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Centennial: The American Negro from 1776-1876; Oration Delivered at Avondale, Ohio, 1876

                     1620 TO 1776.
    American slavery had its birth simultaneous with the
landing of the Mayflower.  As an institution, it reaches
beyond, anterior to the American State; as a blessing and
a curse, they have walked through this new land of prom-
ise in the west.  Freedom, as a fair young lady with lithe
limbs, gladsome face, and flowing tresses, has been espied
in her beneficent march from the golden sands of the Pa-
cific to the orange and palm of Florida. We have seen
her coming o'er the brow of majestic mountains, through
the golden harvests of the west, through the sugar-cane
and rice, with her locks emersed with the dew of the
mountain, and her garments perfumed with the lily of the
valley.  But, as we have watched her in her glorious
march, we have discerned the dark specter slavery at her
side, with his lean, lank arm locked in hers; and wherever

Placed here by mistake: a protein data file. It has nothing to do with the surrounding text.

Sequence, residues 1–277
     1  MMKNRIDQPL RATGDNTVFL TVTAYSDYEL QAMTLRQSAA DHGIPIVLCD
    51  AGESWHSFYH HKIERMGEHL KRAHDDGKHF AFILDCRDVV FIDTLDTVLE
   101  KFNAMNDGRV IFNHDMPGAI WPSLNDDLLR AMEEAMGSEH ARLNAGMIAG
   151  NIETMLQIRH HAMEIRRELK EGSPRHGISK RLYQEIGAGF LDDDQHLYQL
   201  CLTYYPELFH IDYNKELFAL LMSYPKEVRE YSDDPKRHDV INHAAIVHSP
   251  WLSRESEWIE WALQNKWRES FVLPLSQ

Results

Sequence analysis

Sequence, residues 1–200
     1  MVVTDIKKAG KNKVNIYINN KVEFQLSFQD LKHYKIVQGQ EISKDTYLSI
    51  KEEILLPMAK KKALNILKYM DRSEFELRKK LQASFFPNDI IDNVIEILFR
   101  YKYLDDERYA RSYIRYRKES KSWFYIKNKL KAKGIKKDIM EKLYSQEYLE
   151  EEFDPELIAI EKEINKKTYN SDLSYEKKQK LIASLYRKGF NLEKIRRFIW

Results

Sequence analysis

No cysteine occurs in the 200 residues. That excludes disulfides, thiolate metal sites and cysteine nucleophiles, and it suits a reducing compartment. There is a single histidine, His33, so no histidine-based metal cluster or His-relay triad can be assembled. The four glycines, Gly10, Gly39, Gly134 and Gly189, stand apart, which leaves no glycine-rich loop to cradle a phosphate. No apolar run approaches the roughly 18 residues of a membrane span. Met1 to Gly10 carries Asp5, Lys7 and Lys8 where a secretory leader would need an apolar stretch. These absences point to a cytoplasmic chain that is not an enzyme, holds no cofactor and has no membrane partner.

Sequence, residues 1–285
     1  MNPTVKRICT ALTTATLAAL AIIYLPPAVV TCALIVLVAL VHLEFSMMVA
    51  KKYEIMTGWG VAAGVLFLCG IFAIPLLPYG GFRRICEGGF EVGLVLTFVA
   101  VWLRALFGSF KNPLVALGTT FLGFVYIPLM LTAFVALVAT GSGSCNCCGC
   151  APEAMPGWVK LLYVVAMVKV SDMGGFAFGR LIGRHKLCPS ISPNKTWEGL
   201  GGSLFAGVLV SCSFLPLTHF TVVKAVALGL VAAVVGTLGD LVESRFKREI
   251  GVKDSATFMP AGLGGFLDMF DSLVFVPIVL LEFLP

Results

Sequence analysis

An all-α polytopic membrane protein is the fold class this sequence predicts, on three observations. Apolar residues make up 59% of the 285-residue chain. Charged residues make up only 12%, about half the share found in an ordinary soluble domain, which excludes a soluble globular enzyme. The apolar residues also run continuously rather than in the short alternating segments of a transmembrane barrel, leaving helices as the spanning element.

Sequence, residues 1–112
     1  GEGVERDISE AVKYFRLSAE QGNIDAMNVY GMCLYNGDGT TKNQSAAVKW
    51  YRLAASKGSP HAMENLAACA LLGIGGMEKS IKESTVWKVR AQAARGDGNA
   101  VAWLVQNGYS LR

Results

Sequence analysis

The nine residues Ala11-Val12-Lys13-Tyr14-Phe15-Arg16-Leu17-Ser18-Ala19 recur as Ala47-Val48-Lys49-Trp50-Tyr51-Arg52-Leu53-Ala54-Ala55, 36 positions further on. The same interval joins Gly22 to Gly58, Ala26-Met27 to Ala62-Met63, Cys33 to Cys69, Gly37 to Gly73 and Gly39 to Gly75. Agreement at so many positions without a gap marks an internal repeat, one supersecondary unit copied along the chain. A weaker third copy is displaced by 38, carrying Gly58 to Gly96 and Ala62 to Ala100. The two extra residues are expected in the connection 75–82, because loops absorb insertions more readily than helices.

his dark shadow has fallen, there have been degradation
and death. From Jamestown and Plymouth Rock they
began their companionship, which soon ripened into a
friendship based upon the relations of trade and capital.
But fair Freedom soon found out that her health and life
were imperiled by this companionship; and habit had ren-
dered severance almost impossible.  Only after a fierce
struggle was Freedom enabled to free herself, to divorce
herself from slavery; and with disheveled locks, bleeding
limbs, pale cheek, languid eye, and aching heart, she is to-
day conscious of the imminent danger in which she placed
herself and her votaries, when stepping from the deck of
the noble Mayflower; she, without meditation, accepted
the wooings of the inhuman Cavalier of Jamestown.
     Such, in brief, is the story of Freedom and Slavery.
But let us particularize. The Mayflower landed at Ply-
mouth Rock on the 22d of December, 1620, and in the



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Centennial: The American Negro from 1776-1876; Oration Delivered at Avondale, Ohio, 1876



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